Jack Pearadin and Doug Nelsen found a 1.73-carat diamond after nearly a year of searching the park's field.
Listen: I don't care how Petrino got to Arkansas. People can preach loyalty all they want, but with millions of dollars on the line, all loyalty lands you is a career that's beholden to the whims of others. Good coaches don't wait to get fired from dead-end positions. They jump ship while they have some semblance of credit left for leverage. Nobody wants to have to work their way back up the ladder in this business.
Derek Braunecker has everyone in a tizzy with his account of the Petrino hire, as related to “The Sports Animals,” Shawn Arnell and the DemGaz editor Wally Hall. Braunecker's story paints the new Razorback coach's hire in a much more sympathetic light than we've seen from the media thus far. Braunecker claims that Petrino and his agent, Russ Campbell, had the green light from Arthur Blank and the Falcons management prior to the sentencing of Michael Vick on dogfighting charges. Blank withdrew his blessing based on the advice of his public relations department.
According to Braunecker, Petrino's “pain threshold” was such that he was willing to take his chances on landing his dream job in the SEC. Turns out it needed to be. Blank and ESPN (possibly urged along by Blank and Home Depot's considerable sponsor contracts) piled on the bile. Nick Saban didn't have it half so bad, and his franchise quarterback was far from the state pen.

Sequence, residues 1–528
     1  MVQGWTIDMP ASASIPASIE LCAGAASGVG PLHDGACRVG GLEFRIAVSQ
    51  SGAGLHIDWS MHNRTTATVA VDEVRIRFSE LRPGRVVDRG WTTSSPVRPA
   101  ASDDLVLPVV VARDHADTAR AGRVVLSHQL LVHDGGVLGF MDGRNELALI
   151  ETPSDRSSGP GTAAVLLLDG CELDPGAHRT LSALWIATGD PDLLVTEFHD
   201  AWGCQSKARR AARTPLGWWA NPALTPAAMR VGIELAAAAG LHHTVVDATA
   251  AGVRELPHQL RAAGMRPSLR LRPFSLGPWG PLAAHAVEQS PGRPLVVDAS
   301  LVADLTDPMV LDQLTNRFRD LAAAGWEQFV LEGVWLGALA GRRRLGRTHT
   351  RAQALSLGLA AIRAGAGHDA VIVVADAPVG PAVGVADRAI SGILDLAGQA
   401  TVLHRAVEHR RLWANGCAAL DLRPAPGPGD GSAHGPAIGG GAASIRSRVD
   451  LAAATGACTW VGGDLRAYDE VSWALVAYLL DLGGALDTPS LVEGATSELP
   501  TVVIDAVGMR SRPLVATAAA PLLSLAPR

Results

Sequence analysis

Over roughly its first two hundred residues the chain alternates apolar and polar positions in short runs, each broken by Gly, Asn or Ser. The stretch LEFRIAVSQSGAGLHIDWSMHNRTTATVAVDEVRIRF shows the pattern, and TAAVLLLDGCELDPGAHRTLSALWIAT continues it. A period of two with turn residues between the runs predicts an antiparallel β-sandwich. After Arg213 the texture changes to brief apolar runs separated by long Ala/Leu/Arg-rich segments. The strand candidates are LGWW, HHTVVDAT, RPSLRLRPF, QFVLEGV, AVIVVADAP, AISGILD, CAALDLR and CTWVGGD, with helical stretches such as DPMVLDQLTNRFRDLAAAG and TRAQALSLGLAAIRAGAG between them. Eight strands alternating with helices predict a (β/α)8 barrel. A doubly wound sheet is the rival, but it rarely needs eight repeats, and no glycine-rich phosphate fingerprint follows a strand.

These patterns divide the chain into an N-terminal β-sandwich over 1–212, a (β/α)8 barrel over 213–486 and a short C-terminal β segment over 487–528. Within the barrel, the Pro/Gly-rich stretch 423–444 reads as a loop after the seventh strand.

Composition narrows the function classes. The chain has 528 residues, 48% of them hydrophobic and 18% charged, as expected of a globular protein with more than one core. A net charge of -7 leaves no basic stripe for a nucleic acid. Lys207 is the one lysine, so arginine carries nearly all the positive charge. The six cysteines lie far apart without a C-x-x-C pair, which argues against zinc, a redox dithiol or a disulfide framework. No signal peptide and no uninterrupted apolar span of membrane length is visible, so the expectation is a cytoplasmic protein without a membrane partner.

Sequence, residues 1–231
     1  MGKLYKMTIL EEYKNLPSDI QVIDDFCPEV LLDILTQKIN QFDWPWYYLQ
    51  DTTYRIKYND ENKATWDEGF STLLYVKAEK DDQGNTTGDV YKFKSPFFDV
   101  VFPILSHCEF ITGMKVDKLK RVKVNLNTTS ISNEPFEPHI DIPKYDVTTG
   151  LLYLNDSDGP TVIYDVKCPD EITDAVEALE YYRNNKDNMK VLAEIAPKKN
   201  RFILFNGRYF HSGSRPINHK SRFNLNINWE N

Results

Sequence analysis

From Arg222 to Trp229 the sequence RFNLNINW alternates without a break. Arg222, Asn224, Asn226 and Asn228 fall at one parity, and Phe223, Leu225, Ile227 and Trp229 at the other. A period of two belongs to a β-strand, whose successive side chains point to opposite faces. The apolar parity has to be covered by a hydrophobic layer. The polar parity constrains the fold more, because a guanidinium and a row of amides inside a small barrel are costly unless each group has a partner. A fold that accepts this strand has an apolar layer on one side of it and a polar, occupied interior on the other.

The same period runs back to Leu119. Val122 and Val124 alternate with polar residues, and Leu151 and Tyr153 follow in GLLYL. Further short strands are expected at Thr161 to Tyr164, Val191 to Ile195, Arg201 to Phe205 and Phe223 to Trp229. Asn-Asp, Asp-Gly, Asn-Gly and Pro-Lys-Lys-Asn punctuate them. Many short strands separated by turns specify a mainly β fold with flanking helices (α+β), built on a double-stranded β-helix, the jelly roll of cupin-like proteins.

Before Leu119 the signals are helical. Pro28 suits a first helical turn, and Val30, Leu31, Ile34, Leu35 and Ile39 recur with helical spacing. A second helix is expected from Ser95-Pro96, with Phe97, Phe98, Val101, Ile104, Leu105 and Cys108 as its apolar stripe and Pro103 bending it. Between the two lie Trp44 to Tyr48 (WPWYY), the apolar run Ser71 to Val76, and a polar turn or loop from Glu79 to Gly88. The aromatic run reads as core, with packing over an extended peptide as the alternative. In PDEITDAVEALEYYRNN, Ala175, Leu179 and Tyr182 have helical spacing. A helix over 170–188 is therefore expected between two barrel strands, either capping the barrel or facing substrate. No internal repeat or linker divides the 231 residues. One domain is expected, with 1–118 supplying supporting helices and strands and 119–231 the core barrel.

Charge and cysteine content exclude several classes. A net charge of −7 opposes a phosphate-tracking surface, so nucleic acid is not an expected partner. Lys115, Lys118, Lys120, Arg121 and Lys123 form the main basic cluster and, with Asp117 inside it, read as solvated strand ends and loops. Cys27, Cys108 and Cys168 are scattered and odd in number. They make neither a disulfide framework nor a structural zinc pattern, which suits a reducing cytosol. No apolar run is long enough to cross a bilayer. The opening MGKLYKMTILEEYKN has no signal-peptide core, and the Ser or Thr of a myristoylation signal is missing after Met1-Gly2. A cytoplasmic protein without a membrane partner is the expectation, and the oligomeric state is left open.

Whether Petrino had the green light from Blank or not, his leaving Atlanta was a decision he had to make. His offense had been gutted. His freshman season was in the gutter. A few years before, Blank had abruptly fired Dan Reeves with three games left in the season. Reeves' record at the time? 3-10 — the same record held by Petrino's Falcons at the time of the hire. How's that for loyalty? Petrino can't have felt much job security down there, especially with all the personnel issues that didn't involve pit bulls.
Petrino's here because he wants to coach in the best conference in the country. Every time he sought out offers while at Louisville, he was trying to find a back door into the SEC. The NFL may seem like a circuitous and hazy route from a distance, but as Braunecker's story hints, things get a lot clearer up close to the action.
Speaking of the Falcons, after dangling the possibility that Vick might play again for the team once the smoke has cleared, they've gone and dropped a hefty sum on their number three pick in the 2008 draft, Boston College quarterback Matt Ryan, who signed for a six-year, $72 million dollar contract with $32.75 millie guaranteed. It doesn't sound like Vick's on their radar. I'm sure their public relations department would approve.
Former Hog Darren McFadden, the number four pick for the Oakland Raiders, signed his own dotted line this week. D-Mac pocketed $32 million guaranteed out of a six-year, $61 million dollar contract. Color me a homer, but I think it's a steal.